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Epidemiology and policy
P1-166 Explaining social patterning of mortality: the role of lifestyle
  1. L Gray1,
  2. J Armstrong2,
  3. Y Brogan2,
  4. A Sherriff3,
  5. C Bromley4,
  6. A Leyland1
  1. 1MRC/CSO Social and Public Health Sciences Unit, Glasgow, UK
  2. 2School of Life Sciences, Glasgow Caledonian University, Glasgow, UK
  3. 3Department of Dentistry and Medicine, University of Glasgow, Glasgow, UK
  4. 4Scottish Centre for Social Research, Edinburgh, UK

Abstract

Background Mortality is strongly correlated with socio-economic status (SES). Lifestyle factors impact on health and are also independently linked with SES, and thus may drive the mortality-SES associations. However, their relative individual and combined contributions to such inequalities have not been well quantified. We addressed this using nationally representative prospective data.

Methods Analyses were based on 6060 participants aged over 16 years in the 2003 Scottish Health Survey (60% response) providing data on cigarette smoking status, weekly alcohol intake, physical activity levels, diet (quality index) and body mass index (BMI; weight/[height]2), and consenting to linkage with mortality records (until 2008). Cox proportional hazards regression assessed the relative index of inequality (RII) in mortality by SES (occupational social class) and attenuation by lifestyle factors.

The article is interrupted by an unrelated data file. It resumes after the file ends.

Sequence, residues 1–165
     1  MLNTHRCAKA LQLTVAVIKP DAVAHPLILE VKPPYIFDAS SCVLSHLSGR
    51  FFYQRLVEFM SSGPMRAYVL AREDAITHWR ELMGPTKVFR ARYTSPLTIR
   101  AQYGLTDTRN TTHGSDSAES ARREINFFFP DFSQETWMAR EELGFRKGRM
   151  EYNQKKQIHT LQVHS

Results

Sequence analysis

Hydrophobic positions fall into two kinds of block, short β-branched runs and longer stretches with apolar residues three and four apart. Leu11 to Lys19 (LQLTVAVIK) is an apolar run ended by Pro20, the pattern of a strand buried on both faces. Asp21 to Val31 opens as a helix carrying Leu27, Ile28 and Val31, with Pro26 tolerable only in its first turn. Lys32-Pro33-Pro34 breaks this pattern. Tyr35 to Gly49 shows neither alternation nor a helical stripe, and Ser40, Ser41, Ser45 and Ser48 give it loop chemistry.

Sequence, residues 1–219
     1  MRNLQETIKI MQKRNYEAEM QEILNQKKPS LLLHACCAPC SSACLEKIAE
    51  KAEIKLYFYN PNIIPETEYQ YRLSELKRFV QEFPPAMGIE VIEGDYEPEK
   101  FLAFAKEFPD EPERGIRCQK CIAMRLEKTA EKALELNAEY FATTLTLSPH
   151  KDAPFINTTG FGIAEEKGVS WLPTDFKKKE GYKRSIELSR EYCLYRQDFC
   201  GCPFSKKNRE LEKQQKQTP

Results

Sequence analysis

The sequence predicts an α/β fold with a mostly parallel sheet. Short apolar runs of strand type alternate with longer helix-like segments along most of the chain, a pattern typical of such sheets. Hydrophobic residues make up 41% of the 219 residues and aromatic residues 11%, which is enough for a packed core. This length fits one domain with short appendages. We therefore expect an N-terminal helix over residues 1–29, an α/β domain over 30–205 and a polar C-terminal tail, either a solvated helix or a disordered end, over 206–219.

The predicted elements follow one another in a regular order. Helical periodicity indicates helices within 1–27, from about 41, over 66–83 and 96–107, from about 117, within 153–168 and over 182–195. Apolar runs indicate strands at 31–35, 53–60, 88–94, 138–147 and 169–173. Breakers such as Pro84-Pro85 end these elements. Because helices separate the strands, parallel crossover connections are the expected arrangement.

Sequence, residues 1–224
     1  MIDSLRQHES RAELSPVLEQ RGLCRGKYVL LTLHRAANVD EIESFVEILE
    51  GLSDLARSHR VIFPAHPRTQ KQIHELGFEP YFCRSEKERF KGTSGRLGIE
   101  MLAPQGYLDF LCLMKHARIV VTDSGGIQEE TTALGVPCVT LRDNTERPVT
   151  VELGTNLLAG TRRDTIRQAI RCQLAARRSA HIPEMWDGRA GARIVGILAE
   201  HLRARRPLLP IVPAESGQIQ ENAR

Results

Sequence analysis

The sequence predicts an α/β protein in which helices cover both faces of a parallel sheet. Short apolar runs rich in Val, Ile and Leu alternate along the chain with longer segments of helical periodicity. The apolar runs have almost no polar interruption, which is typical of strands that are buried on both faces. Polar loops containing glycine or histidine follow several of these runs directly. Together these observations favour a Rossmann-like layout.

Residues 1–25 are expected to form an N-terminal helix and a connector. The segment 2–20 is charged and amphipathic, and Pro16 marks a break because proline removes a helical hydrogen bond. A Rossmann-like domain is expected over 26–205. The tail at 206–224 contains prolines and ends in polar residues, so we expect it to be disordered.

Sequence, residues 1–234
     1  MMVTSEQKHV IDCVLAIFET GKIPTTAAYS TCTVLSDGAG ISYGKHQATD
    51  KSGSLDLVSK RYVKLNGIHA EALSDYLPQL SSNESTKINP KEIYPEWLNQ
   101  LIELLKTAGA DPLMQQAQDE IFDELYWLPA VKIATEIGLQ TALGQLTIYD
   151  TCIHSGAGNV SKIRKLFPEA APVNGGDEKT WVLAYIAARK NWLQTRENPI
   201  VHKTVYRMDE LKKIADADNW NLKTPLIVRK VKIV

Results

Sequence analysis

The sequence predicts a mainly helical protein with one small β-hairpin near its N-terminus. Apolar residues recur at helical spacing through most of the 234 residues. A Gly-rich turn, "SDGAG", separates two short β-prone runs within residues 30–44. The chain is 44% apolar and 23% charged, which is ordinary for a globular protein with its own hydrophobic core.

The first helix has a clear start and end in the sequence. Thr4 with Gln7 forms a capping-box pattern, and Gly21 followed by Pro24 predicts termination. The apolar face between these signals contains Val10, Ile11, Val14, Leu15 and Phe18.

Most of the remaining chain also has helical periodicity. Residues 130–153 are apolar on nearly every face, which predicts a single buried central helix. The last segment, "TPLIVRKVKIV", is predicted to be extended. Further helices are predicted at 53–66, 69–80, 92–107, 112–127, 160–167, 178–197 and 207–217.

Results Mortality-SES patterns were clear (292 deaths; p<0.001) and did not differ by sex (p=0.212). The inequality across the social classes was more than twofold [age-adjusted RII HR=2.26; 95% CI 1.47 to 3.47]. Mutually adjusting for lifestyle factors reduced differences by 49% [1.65; 1.06 to 2.57], with the greatest individual impacts made by cigarette smoking (29%), diet (27%) and physical activity (20%); alcohol consumption and BMI had lesser effect.

Conclusions Around half of the SES patterning of mortality was explained by these lifestyle factors. Our findings provide valuable insight on the relative impact of individual lifestyle factors—essential for tackling socio-economic inequalities in health—highlighting the importance of promoting healthy eating and physical activity as well as further reducing smoking.

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